Archbishop of Bangui, Mgr. Dieudonné Nzapalainga has commended Pope Francis on his efforts in helping to maintain stability during the presidential elections.
Former prime minister and maths professor, Faustin-Archange Touadera, 58 was declared winner of the presidential election in the Central African Republic. He won 63 percent of votes in the mid-February ballot. He will be sworn in as president on March 30.
Ravaged by violence, the Central African Republic has experienced the worst crisis in its history. Manipulating religion for political purposes in the country has caused the death of of thousands and sent many more on the roads to exile and displaced some others.
“We couldn’t have found a better person to take the bull by the horns and begin repairing our country’s fractures,” said Archbishop Dieudonne Nzapalainga of Bangui. “He’s someone who truly knows the country and is served with good advisers. This election has encouraged us to place hope in the future and put aside our past of firearms, machetes and terrible destruction.”
During an interview with Catholic News Service, Archbishop Nzapalainga said the country’s president-elect has a “real chance” of restoring peace.
“I believe the new president will gather our people from east and west, north and south, reconciling them with themselves and others,” the archbishop said.
“I also believe he’ll make justice possible for the victims of violence, enabling us to stand upright again and work together.”
Archbishop Nzapalainga attributed the non-violent atmosphere and stability during the elections to Pope November visit.
“Since the Holy Father’s visit, we’ve felt a wind of change blowing through our country — there’s been a total turnaround,” Archbishop Nzapalainga added.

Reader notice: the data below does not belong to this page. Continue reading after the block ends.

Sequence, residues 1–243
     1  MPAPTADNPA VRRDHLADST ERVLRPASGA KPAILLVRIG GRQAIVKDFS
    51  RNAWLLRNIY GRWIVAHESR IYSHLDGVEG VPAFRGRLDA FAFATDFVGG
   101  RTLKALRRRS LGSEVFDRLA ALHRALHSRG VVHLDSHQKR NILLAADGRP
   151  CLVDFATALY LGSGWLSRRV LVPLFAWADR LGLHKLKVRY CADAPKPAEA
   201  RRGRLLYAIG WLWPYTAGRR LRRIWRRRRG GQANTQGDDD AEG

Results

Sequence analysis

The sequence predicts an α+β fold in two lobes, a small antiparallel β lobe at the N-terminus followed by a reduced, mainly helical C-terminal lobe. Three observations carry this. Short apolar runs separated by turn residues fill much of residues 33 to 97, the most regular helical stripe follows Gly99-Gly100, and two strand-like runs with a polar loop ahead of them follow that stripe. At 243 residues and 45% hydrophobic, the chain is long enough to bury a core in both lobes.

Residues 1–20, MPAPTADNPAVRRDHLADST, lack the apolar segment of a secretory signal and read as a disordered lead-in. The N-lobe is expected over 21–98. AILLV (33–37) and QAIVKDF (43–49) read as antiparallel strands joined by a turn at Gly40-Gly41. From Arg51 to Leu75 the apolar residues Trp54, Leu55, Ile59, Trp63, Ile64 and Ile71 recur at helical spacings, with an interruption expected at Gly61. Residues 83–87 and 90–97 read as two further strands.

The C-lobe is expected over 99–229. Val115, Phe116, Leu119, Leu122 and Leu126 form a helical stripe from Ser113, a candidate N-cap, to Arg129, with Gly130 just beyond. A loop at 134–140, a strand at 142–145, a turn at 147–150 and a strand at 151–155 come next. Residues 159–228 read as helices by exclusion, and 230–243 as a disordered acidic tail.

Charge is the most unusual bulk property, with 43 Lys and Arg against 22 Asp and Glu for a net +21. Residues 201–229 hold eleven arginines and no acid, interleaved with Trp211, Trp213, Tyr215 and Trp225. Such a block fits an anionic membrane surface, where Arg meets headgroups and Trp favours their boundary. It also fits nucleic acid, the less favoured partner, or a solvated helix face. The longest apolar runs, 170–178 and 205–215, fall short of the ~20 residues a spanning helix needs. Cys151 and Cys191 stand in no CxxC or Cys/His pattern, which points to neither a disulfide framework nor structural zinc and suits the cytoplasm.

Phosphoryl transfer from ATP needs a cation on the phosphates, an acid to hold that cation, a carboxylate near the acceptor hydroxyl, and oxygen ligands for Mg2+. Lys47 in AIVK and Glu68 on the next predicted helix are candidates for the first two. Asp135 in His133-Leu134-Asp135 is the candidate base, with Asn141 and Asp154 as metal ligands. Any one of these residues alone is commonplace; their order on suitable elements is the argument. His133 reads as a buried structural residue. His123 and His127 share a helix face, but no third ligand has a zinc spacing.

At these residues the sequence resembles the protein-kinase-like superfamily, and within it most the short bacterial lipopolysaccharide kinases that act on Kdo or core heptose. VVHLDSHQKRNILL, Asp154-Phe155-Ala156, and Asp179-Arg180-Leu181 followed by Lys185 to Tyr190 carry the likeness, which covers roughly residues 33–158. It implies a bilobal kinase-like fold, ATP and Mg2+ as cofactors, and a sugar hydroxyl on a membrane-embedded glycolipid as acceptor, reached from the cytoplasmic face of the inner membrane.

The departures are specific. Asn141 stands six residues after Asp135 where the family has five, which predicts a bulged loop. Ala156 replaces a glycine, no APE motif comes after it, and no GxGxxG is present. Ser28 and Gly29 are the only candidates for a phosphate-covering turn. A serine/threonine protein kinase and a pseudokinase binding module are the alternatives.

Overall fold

“He came as a messenger of mercy and urged reconciliation in our communities. This summons to peace and forgiveness was heard by former enemies and combatants and has now become something real, giving the new president a real chance for peace.”
According to 2010 estimates, about 80 percent of the population of the Central African Republic are Christians.There are just under 900,000 Catholics in the country which represents about a quarter of the total population.
The Presidential election has been repeatedly cancelled because of the years of violent turmoil in the country. The opposition of Christians and Muslims in the country is due to the complex deep history of tensions and resentments incorporating religious and regional associations, from precolonial slave raiding from the Muslim regions in the north to the French colonial delineation and construction of the state in the Christianized south.
According to CNS, Archbishop Nzapalainga said he believed the Pope’s two-day visit, which included interfaith prayers in Bangui’s central mosque, had been a “decisive, catalyzing moment” by enabling divided communities to come together.